The fourth and final member of the team was Danilo Arnone, a psychiatrist who felt this new model for Neuroticism might explain why patients with depression compulsively focus their attention on the symptoms of their distress, and on its possible causes and consequences, as opposed to its solutions.

The illustration for their article shows how psychologists attempt to measure brain changes caused when a threat stimulus, in this case a spider, approaches closer and closer to the test subject. At what distance does the spider cause him to “freak out”? That determines his degree of Neuroticism and thus his ability to create art.

A more realistic test might be to measure the subject’s fear reaction at the approach of the psychiatrist.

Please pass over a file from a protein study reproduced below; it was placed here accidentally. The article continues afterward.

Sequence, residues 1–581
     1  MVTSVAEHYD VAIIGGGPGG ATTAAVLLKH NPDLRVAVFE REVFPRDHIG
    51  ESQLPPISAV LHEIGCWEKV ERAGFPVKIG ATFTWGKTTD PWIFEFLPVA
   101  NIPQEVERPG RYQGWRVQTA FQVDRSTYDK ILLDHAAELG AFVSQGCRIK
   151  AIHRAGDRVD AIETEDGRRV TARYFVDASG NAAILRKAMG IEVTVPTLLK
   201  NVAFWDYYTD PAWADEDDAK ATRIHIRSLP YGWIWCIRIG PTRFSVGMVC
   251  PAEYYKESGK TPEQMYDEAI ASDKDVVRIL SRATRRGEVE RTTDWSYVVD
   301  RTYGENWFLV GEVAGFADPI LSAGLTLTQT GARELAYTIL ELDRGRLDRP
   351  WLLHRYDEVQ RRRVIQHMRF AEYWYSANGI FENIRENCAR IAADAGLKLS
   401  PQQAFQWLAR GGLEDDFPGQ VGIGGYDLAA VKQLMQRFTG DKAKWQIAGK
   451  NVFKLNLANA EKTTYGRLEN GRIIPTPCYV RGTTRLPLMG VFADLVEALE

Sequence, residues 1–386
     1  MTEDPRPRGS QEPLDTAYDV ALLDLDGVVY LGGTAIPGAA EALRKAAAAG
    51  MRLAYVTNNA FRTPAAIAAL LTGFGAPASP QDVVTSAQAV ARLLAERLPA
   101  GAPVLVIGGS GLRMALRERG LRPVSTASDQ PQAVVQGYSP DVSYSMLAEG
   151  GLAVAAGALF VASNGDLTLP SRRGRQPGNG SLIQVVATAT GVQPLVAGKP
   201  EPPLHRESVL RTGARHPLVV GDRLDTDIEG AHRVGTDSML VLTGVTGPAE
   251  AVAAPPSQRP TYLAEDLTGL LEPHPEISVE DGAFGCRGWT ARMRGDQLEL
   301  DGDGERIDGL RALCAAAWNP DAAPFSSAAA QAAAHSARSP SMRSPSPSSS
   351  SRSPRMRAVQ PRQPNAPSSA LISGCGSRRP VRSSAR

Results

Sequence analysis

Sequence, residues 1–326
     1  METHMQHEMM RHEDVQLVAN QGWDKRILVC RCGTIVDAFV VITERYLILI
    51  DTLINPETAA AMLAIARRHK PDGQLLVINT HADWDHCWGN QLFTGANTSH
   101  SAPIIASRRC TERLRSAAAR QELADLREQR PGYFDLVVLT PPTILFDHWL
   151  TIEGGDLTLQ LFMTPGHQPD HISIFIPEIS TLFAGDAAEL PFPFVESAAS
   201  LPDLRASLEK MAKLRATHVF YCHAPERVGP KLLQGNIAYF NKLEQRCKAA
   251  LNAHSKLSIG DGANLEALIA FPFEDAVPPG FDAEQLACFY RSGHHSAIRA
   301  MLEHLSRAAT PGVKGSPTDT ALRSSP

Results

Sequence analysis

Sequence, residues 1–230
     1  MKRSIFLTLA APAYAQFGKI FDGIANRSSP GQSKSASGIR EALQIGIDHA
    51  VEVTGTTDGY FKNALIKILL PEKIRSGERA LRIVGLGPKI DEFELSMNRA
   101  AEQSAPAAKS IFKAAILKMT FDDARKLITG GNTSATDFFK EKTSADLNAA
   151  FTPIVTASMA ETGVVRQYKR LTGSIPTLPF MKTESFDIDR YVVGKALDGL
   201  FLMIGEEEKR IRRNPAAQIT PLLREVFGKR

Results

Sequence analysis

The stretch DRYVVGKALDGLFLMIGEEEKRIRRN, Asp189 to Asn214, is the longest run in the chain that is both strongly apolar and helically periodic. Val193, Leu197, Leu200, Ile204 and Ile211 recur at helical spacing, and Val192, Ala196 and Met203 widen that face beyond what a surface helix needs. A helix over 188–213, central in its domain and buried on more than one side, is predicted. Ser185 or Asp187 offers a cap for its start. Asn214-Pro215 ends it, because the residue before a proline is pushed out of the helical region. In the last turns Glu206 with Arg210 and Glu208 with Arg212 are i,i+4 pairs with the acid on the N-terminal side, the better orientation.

Perkins admits “We’re still a long way off from fully explaining neuroticism, and we’re not offering all of the answers, but we hope that our new theory will help people make sense of their own experiences, and show that although being highly neurotic is by definition unpleasant, it also has creative benefits”.

The L.A. Times writer tells us “neurosis is, by definition, a fixed and stable personality trait”  parroting the psychiatric idea that you can never really get rid of an unwanted mental or emotional state but must learn to live with it and control it with various drugs for the rest of your life.

That bleak view is the best psychiatry and psychology can offer.